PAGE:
From a NYT Q&A about a trip to Bangladesh:

WASSIM RAGAB: How do you overcome the corruption in Bangladesh and still run successful projects?

MELINDA: It’s unfortunate and true that Bangladesh is perceived to be one of the world’s most corrupt countries. The Bangladeshis I have met have told me that they feel this in small ways on a fairly regular basis. Because the problem is systemic, it’s hard for them to go against the tide. One doctor I met with yesterday told me that nobody pays attention to traffic lights since you can buy your way out of a ticket for a small fee and because if you don’t run the red light, “everyone else will and you’ll never get to your destination.” Obviously, these unnecessary surcharges on everyday life and other forms of corruption are a major impediment to faster economic growth and it’s something the government and others must address.

Because everyone else is running a red light, a best response is to run it yourself. For some people, a best response to everyone not running the red light is to not run it yourself.  This is a coördination game logic. Actions are strategic complements: I am more willing to run the red light if you are running it.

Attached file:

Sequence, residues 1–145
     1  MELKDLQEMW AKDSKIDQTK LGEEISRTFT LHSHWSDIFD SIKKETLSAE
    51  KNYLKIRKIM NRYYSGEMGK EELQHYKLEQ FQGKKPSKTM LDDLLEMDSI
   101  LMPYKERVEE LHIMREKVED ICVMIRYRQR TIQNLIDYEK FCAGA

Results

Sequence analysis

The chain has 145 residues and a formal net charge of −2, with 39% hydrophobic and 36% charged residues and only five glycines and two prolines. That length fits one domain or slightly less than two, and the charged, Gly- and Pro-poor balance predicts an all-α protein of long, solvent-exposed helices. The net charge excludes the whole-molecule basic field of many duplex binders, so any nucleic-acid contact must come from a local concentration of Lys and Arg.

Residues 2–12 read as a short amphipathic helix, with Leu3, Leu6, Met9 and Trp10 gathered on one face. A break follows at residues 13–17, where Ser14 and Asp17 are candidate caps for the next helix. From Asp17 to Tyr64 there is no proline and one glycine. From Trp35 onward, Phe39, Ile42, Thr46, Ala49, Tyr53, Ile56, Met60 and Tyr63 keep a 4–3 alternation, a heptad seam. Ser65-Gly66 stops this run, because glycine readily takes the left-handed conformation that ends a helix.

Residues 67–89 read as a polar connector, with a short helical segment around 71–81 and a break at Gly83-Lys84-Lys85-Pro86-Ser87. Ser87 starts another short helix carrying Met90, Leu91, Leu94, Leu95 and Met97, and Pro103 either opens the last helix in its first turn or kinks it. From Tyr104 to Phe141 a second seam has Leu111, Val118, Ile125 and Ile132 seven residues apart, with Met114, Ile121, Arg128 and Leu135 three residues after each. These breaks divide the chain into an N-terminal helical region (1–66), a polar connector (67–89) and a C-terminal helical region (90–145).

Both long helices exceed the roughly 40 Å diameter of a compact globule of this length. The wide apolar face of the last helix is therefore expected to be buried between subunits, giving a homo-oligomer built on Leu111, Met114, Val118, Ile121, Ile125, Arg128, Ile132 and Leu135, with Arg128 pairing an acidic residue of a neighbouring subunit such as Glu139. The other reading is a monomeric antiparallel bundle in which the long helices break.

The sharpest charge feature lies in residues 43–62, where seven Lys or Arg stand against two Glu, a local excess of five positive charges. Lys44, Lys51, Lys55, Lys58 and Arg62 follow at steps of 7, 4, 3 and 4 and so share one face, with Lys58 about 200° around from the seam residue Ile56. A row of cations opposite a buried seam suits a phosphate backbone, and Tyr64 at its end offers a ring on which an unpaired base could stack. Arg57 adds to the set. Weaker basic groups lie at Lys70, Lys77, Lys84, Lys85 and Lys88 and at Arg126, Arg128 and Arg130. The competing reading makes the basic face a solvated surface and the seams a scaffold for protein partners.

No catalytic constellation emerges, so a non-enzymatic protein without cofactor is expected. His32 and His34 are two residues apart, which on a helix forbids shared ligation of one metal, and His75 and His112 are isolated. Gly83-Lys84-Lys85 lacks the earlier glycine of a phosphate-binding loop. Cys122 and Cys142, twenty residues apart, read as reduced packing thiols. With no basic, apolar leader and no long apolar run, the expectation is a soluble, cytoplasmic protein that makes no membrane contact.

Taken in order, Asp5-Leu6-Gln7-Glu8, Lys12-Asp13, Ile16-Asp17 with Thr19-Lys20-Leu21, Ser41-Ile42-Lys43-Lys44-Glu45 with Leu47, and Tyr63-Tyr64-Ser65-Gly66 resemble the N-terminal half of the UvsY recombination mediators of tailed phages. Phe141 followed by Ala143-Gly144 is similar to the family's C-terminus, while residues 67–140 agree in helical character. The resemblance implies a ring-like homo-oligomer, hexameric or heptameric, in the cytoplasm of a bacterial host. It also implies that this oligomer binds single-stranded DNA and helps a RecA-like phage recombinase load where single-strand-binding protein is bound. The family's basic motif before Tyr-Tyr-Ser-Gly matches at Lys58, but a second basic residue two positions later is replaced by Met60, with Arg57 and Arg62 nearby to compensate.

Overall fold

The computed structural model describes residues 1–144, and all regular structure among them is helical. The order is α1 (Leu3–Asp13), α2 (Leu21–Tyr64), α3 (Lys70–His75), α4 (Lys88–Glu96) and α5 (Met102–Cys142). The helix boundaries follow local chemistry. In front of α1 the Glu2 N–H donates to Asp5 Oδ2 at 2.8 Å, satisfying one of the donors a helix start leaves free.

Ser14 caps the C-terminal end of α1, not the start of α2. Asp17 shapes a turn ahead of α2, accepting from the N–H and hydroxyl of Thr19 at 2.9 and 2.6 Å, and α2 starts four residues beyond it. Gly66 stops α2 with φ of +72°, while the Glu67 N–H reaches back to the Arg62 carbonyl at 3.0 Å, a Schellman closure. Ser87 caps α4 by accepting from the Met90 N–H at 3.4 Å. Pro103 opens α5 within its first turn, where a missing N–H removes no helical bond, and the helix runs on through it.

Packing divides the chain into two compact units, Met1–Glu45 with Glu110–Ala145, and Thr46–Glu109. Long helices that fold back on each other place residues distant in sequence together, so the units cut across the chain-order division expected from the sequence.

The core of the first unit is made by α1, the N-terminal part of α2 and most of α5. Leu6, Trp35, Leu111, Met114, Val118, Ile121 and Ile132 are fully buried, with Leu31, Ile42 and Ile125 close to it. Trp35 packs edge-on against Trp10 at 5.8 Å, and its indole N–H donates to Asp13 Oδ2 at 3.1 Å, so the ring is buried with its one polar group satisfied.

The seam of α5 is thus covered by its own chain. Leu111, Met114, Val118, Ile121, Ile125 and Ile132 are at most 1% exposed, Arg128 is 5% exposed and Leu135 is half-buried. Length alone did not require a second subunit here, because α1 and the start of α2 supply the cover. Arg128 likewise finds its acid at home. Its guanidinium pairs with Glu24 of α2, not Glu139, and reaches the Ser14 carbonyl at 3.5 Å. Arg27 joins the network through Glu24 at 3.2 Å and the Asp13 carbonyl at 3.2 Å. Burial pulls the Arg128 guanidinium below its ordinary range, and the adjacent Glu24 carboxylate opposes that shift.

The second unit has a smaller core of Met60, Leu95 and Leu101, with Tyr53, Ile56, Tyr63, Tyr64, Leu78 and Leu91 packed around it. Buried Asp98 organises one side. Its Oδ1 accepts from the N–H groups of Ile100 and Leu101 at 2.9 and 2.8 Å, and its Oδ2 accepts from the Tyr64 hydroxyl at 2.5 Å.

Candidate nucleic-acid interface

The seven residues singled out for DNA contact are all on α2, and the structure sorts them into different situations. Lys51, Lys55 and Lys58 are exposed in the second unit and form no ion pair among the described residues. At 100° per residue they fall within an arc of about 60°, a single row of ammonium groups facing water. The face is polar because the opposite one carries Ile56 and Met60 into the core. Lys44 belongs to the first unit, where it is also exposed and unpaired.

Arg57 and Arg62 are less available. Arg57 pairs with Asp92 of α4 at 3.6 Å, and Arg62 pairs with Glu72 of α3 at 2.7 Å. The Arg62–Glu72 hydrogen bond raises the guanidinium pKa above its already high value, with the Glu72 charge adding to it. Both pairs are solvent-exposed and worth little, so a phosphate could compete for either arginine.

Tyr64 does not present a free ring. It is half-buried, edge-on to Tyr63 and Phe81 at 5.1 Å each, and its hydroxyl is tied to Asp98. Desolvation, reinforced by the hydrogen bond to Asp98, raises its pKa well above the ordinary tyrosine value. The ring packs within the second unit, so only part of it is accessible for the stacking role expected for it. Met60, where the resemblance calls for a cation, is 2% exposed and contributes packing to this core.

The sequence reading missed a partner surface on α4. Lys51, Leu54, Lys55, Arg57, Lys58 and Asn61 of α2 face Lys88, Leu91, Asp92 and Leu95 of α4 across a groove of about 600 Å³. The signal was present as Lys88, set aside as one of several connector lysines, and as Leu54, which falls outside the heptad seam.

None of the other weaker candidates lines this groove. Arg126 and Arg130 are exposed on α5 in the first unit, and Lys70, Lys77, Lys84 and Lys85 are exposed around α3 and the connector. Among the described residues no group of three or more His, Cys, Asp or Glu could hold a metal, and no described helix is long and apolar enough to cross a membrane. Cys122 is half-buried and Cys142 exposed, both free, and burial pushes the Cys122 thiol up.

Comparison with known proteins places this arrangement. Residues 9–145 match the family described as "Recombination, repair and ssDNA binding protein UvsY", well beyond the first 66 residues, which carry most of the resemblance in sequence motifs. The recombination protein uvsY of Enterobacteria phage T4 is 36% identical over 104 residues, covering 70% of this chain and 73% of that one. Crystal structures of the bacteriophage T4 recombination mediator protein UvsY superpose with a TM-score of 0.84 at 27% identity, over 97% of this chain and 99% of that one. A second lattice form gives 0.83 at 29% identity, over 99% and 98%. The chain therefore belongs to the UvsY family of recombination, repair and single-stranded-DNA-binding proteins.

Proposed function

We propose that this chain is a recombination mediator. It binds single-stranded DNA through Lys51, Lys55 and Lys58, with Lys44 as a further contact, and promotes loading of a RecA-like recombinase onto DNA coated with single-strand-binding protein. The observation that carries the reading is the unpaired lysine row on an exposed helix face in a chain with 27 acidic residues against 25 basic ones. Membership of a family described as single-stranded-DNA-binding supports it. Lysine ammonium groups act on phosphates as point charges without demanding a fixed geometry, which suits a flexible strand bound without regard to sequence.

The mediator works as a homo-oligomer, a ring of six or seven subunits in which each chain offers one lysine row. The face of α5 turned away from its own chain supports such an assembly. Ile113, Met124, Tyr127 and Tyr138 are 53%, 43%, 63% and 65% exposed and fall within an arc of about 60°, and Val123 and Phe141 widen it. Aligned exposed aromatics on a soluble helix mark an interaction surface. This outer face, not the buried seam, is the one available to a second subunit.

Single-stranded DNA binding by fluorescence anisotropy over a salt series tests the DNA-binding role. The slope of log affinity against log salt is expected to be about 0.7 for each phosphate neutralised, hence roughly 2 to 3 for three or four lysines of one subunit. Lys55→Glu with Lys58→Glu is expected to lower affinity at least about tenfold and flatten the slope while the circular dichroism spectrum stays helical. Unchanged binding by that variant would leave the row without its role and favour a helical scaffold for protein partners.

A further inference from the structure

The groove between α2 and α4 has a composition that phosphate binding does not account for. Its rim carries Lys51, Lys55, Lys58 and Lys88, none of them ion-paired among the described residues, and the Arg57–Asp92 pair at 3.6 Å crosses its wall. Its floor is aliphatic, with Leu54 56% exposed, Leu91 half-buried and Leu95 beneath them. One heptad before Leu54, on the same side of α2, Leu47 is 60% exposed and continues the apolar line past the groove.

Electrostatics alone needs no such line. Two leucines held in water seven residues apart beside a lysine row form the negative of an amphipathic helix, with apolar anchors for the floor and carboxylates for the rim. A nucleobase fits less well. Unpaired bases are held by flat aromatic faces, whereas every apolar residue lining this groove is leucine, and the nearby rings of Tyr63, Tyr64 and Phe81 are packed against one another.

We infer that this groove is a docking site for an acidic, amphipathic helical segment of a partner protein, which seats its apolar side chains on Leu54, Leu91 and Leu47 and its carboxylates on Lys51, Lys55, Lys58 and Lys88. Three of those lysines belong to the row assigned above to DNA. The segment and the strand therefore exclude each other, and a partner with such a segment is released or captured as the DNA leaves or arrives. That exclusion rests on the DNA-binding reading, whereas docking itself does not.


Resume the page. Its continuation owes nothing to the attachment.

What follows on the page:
Corruption can be thought of in two ways.  First, it is a sunspot that makes the running lights equilibrium focal.  Second, there are heterogeneous costs (or benefits) to running a red light.  Suppose there is no corruption.  Then, there is a threshold equilibrium where people run the red light if and only if their cost is below the threshold.  Corruption lowers the costs of running the right and shifts the threshold up: More people run red lights.  By strategic complements this creates a spiral where yet more people run red lights etc.